Fusion at its best? Having never thought to seeing the words 'Bavarian' and 'antipasto' together in the same title, my choice of starter arrives on a long rectangular plate with a basket of 'European bread' and butter. It's a plate of cold meats and vegetables, and as close to healthy I'm going to get eating Bavarian, I think. On the bottom of the meat side sits a thinly sliced salami-style meat and a pastrami-style one - I've no clue of the Bavarian terms for these. Folded on top are devon-style meats and the two on the edge are ham-like and bresaola-like, respectively. I guess if it's a antipasto plate I'm entitled to use some Italian terms.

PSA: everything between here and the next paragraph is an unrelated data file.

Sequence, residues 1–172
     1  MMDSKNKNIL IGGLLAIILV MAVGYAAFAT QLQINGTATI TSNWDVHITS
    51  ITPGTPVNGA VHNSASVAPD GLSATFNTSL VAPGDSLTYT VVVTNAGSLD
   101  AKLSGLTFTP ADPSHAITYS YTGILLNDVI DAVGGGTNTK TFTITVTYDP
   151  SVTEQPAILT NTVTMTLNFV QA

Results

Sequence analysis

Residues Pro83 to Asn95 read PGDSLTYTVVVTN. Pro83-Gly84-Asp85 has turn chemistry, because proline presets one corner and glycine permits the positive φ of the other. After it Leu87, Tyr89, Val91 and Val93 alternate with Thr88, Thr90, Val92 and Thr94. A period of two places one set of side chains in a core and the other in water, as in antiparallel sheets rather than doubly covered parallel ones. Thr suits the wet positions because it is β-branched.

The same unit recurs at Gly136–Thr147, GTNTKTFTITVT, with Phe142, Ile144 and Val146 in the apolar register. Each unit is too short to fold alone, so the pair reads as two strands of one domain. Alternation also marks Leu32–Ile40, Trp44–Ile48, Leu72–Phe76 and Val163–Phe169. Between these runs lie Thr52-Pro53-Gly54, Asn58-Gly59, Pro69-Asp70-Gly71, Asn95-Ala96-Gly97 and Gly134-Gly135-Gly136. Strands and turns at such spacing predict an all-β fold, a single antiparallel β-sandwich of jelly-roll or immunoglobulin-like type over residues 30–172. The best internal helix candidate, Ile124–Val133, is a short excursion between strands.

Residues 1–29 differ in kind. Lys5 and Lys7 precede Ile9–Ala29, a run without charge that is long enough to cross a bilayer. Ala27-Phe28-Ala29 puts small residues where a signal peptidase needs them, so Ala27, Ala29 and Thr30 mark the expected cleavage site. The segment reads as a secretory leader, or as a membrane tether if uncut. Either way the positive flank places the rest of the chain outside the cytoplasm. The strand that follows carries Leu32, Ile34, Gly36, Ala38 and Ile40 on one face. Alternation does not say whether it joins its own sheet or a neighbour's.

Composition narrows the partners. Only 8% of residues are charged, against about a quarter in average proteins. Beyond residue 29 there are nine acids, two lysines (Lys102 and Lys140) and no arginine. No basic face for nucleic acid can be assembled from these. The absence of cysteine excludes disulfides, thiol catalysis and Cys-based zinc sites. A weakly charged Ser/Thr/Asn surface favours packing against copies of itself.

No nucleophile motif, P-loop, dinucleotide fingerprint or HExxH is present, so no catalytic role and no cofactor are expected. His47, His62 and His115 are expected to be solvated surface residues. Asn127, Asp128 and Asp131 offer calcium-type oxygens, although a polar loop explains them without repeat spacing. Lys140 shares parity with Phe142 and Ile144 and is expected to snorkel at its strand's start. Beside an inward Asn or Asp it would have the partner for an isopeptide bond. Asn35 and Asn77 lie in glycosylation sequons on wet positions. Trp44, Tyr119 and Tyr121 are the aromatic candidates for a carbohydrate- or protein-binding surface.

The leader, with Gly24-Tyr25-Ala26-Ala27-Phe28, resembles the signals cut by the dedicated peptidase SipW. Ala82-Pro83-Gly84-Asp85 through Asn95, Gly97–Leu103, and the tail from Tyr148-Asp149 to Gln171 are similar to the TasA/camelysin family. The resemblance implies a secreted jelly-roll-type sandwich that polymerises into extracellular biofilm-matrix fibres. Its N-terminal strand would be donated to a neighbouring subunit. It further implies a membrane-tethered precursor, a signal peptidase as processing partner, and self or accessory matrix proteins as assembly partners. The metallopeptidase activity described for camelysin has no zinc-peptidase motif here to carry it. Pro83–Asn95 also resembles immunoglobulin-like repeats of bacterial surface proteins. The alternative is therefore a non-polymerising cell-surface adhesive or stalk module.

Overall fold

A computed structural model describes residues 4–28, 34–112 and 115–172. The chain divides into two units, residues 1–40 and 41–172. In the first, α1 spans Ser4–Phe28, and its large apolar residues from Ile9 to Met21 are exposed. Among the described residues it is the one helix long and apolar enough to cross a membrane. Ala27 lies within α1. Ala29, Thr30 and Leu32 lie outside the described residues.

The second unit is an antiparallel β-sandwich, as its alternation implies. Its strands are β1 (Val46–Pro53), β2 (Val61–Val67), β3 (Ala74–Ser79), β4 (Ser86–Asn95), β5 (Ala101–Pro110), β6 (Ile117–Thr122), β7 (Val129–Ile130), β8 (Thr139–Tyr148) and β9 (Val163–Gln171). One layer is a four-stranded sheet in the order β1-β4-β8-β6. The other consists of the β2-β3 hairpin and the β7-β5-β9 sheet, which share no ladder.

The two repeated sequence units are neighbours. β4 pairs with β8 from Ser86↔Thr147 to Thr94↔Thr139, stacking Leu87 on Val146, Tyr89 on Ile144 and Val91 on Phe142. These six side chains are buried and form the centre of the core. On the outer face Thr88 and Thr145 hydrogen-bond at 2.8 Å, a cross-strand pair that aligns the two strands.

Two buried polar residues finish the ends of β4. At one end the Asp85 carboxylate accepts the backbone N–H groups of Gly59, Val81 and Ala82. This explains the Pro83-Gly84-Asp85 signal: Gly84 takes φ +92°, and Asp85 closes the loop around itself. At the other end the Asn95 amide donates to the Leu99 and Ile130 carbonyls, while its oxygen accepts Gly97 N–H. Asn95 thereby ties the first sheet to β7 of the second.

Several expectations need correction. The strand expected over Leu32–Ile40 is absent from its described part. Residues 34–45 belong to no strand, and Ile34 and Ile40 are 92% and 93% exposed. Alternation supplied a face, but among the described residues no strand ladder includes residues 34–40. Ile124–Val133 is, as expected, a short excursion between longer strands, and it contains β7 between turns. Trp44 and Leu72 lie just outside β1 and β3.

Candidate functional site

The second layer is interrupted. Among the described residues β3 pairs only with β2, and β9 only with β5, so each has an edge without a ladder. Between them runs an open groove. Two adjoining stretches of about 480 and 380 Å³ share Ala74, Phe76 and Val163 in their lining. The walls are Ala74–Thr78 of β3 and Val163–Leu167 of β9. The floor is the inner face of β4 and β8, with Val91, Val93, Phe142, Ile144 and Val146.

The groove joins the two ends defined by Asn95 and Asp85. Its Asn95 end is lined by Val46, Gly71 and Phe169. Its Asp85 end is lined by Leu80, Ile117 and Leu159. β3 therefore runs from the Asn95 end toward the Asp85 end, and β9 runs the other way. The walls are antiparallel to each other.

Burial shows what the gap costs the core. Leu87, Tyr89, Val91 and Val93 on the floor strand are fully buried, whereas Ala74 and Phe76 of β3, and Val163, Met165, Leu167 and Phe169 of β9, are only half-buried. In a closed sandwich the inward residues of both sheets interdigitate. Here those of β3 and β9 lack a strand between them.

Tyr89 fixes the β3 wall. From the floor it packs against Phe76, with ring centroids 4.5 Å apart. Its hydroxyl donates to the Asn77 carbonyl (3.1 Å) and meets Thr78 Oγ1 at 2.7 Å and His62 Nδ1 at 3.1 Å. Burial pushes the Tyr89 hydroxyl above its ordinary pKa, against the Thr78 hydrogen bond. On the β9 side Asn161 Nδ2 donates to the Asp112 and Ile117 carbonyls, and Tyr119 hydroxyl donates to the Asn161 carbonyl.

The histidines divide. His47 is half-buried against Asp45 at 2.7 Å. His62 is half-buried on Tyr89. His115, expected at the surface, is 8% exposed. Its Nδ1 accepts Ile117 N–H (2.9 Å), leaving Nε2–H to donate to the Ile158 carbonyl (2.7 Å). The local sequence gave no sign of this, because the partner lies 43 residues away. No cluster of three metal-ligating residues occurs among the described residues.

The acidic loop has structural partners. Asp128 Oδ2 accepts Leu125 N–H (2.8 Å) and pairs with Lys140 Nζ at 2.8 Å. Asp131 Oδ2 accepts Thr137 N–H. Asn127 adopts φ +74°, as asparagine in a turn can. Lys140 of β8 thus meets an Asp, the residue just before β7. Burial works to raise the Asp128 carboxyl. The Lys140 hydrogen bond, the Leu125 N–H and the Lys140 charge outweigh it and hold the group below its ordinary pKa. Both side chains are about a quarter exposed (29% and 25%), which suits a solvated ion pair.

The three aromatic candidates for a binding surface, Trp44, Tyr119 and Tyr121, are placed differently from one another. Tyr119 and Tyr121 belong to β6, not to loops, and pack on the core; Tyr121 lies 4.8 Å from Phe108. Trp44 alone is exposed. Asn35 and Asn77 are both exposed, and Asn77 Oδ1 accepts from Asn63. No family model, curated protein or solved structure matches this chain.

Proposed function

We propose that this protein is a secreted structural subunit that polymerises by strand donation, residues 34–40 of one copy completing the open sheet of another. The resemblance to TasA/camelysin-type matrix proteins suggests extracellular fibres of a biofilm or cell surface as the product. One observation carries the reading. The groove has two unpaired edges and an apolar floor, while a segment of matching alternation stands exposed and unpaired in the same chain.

Some pickled vegetables sit on top of the leafy greens: cauliflouwer, onion, baby corn and capsicum and there's a little dish of potatoes in a sweet dressing. Hidden somewhere underneath the greens is also a lump of rich, creamy pate, although we run out of bread to make the most of it. Our other dish is not quite so Bavarian but probably more ubiquitously Sydney.

Chilli salted squid with passionfruit sauce

While the squid dish looks pretty, I'm skeptical about the pairing of the cephalopod with the seedy fruit. As it turns out, it's not half bad. The squid is perfectly, if not unbelievably, tender beneath the thin and crispy golden fried batter. The batter itself is a revelation, seasoned with plenty of chilli flavour that doesn't so much hit the tastebuds as caresses them.